A decade ago Google introduced Google Apps Script, G Suite’s scripting platform. What started as a small experiment has grown into one of Google’s most popular developer products. To commemorate the moment, here’s an interview with Mike Harm, the creator of Apps Script, to reflect back on how it all got started.
Mike, what inspired you to build Apps Script?
I taught an “Intro to Computers” class when I was a graduate student at Northeastern University. The course was intended for students outside the computer science department, so I ended up teaching Pharmacy majors. The course covered everything from drag-and-drop to office productivity tools, building up to a final project using Hypercard, where the assignment was just “make something cool.” Those students produced so many interesting things: an interactive recipe book, a Led Zeppelin trivia game, an animated, choose-your-own-adventure story. It made a lasting impression on me. Once you strip away all of the technical hoops, people can build amazing things, even if they’re not programmers.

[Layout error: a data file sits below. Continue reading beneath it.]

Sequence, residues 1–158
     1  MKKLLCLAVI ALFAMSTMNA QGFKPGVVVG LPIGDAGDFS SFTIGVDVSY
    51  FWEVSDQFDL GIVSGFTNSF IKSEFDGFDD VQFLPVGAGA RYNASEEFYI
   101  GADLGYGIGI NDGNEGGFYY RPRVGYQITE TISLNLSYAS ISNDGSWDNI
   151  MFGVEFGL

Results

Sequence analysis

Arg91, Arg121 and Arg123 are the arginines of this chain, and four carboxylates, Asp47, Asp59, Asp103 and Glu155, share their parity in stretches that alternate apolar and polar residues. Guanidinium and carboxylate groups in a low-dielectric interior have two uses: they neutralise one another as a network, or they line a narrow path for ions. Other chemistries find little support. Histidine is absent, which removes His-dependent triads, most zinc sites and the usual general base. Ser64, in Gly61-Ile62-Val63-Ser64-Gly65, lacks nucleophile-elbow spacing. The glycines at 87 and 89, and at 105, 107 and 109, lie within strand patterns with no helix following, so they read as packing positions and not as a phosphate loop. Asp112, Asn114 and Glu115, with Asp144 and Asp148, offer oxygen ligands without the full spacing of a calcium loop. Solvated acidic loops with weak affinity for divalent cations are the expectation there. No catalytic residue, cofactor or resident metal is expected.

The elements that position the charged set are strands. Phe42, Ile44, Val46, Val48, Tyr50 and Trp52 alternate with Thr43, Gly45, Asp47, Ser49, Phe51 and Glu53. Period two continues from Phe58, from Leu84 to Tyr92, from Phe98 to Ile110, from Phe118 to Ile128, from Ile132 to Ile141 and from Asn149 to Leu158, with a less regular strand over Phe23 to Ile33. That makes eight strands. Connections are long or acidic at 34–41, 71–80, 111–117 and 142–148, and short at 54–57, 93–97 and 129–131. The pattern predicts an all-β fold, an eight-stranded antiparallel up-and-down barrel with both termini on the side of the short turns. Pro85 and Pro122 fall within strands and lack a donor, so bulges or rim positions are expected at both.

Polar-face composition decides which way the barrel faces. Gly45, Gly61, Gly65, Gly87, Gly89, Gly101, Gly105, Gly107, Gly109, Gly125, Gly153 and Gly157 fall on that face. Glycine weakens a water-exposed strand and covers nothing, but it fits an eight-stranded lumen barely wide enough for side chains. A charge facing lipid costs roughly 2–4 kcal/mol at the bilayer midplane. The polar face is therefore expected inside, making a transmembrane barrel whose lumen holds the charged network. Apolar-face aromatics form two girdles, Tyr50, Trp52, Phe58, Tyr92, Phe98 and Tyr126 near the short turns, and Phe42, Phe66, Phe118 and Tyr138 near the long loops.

How did you use this experience to create Apps Script at Google?
Were there challenges building a tool for non-traditional programmers?
We had many passionate discussions about whether to adopt traditional coding paradigms, like versioning, or to build something more accessible for non-programmers. Even I had trouble keeping my eye on the pharmacy students I originally intended to serve.
We hosted hackathons to help us keep in tune with what was really needed. I remember an 11-year-old demoed a simple celsius to fahrenheit custom function. I totally swooned. From that point forward, when we discussed how to shape Apps Script, I’d think about that kid—for some, a red error message is an occupational hazard, for him, it was personal.
Can you share other examples of how you use Apps Script?
I turn to Apps Script whenever I say to myself, “I wish [this app] could do that!” For example, I built a web app that lets me see all of my meetings for the week, check a box next to the ones to skip, and then click one button to cancel them—works great when I travel to other offices.
Companies can be hesitant to hand over low-code app development broadly to their employees. Do you think they should embrace this democratization?
I’ve thought about this a lot. I feel that they should embrace it, but that there should be guard rails. A good metaphor is that we should allow people to plug in a teapot at their desk, but not an arc welder that could black out the building. When dialing in our quotas for Apps Script, we made sure that users had the amount of power they needed to get important work done, but not so much power that it would become a nightmare for IT teams to manage.
10 years in the making, Apps Script has inspired people to customize G Suite apps in many different ways.